August 5, 2012. (Romereports.com)
In 1943, in the midst of the Second World War, Pius XII urged Catholic institutions to help Jews who were being persecuted by Hitler's Nazi regime.
Here in Rome, one of the many people who risked their lives was Francesco Bertoglio, who back then served as the rector of the Pontifical Lombard Seminary
. The current president says that hundreds of Jews were sneaked in.
They were dressed as seminarians to make them blend in. But even so, there were people, who were spying from the outside the seminary.TULLIO CITRINI
Rector, Pontifical Lombard Seminary “One night, just before Christmas in 1943, Hitler supporters came in and took away several of the Jews. Not many really, because they were well hidden.”
The former rector tried to stop it. He said the seminary was a neutral zone and German troops were forbidden to enter.
However, his resistance only led to his arrest. TULLIO CITRINI
Rector, Pontifical Lombard Seminary “That night, they also took the rector. He was later set free because Monsignor Montini, from the Vatican's Secretariat of State, sent someone on his behalf, so that German troops, would release him.”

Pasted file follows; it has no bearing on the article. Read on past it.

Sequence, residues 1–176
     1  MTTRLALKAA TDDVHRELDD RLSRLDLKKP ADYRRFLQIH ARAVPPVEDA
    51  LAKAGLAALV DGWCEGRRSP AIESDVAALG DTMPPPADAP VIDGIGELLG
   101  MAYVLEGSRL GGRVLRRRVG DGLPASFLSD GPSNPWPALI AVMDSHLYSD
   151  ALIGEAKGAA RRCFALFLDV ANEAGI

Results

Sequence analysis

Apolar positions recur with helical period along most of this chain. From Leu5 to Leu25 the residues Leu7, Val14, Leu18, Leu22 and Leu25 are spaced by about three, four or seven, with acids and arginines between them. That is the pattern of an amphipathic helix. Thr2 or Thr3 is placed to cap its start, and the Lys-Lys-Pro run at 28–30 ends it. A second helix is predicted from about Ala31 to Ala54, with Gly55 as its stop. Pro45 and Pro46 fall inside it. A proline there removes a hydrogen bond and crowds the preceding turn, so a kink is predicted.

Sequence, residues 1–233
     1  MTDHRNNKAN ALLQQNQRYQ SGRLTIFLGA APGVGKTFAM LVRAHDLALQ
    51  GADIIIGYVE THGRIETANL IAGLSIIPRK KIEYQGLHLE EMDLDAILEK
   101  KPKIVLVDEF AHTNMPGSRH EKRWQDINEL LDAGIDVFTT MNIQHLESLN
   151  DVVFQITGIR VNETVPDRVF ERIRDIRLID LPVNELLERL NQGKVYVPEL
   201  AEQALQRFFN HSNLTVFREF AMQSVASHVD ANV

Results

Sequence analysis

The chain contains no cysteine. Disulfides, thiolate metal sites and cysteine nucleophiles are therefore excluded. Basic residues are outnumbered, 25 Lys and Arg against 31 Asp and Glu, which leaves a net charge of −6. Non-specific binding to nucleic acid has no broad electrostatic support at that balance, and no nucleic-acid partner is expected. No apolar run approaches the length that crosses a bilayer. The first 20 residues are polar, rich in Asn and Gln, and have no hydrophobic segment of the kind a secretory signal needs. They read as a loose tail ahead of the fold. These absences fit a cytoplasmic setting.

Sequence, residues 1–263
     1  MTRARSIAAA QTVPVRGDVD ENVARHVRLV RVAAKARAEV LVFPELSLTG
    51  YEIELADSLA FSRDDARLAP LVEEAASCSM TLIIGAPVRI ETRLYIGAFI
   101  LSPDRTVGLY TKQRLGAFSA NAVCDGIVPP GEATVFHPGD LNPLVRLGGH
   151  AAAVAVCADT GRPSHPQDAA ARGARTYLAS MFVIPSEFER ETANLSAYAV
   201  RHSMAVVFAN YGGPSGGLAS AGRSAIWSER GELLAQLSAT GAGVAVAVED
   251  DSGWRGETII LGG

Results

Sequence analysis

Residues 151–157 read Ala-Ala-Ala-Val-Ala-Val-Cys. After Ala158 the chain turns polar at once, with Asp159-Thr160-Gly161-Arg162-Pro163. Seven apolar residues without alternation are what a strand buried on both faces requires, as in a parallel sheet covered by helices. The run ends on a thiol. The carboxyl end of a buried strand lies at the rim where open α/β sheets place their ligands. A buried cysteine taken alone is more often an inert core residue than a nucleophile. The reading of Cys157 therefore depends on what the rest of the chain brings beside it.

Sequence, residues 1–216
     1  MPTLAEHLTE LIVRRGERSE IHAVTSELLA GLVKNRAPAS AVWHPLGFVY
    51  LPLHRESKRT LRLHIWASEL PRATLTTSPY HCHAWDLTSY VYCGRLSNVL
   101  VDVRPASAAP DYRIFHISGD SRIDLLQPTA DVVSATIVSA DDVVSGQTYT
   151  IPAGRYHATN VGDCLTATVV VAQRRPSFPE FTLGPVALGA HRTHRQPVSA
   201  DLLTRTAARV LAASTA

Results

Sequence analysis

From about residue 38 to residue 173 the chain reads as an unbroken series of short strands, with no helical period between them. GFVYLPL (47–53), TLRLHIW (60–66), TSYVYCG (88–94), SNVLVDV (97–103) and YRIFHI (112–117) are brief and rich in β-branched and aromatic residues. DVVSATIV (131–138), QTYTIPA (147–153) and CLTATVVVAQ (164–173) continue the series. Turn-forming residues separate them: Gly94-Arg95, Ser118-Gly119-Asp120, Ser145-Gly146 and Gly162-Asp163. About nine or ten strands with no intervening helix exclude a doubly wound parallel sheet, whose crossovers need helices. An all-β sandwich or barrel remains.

Others managed to escape by taking a tram in this plaza and then hiding in Rome's St. Mary Major Basilica.
Still, more than 70 years later, the courage of this priest, in risking his life to save the life of persecuted Jews, is still recognized.
When he was ordained a bishop, he wore this cross, which is actually a gift that was given to him, by the Jews he saved.
Francesco Bertoglio, died in 1970. Thirty one years later, the State of Israel issued the “Righteous Among the Nations” honor for risking his life for the Jewish people.